[Accessibility-handlers] First draft - Use case for "navigability, perhaps multiple levels of navigability"

Pete Brunet brunet at us.ibm.com
Mon Jul 30 12:41:54 PDT 2007

Here are my first, not well thought out, but initial 30 minutes of thought 

Use case for "navigability, perhaps multiple levels of navigability"

AT users need to be able to navigate within sub-components of documents 
containing specialized content such as math, music, or chemical markup. 
Typically these specialized components have content that needs to be 
"focused" on at different levels of granularity, e.g. numerator within a 
numerator, expression, term, etc.  Are there terms, in math for example, 
that can be used to define each level of granularity?  If not is it 
sufficient to just increment/decrement the level?  Within each level you'd 
need functions (in response to AT commands) that returned the following 
"items" for a particular level of granularity:
first/last on line or first/last within next higher level of granularity
first/last in document

There are two scenarios to consider, a read-only scenario and a scenario 
where the user is editing the document.

There are three system components that need to interact: the user agent, 
e.g. a browser, the AT, and the plugin/handler.

In the read-only case, the AT responds to some sort of "focus" change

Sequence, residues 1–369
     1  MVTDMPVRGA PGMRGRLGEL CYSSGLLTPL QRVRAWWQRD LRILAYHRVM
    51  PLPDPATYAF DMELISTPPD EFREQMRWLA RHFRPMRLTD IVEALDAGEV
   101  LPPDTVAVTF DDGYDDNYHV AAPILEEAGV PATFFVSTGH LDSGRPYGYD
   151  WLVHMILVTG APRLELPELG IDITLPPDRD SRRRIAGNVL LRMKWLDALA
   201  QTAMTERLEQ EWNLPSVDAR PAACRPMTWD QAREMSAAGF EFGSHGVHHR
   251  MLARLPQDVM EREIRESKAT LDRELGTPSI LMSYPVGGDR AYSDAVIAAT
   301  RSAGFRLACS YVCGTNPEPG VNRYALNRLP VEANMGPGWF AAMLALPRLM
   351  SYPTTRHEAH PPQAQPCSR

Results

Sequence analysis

events and depending on the "role" of what got focus the AT fetches a11y 
info pertinent to that role and then formats/outputs a response tailored 
to a AT user, e.g. TTS/Braille.  In the case of specialized content, a 
handler needs to be used by the AT because it doesn't have know how to 
deal with the specialized content.

The user will want these commands:
change level of abstraction up/down
read all from top
read all from POR (point of regard)
goto and read first/last on line
goto and read first/last in document
goto and read previous/current/next

In the case of editable content there may also be a desire to have 
separate cursors, e.g. one to remain at the caret, one to move around for 
review purposes.

The AT will already have UI input commands for most of the above 
functions, but probably not for changing to higher/lower levels of 
granularity.  Let's assume ATs add that and in response the AT would call 
the handler to change the mode of granularity.  The AT will handle the UI 
commands and in turn call the handler to return an item at the current 
level of granularity.  The AT would have told the handler about the output 
mode, e.g. Braille or TTS.  Armed with those three things: level of 
granularity, mode of output, and which item (first, last, previous, 
current, next), the handler knows what to do.

In the case of editable content, the UA provides the input UI for the 
user.  This editing capability would most likely be provided via a plugin. 
 We need an example of such a plugin so we can evaluate what a11y features 
need to be added to the existing editors.

Pete Brunet
IBM Accessibility Architecture and Development
11501 Burnet Road, MS 9022E004, Austin, TX 78758
Voice: (512) 838-4594, TL 678-4594, Fax: (512) 838-9666
Ionosphere: WS4G
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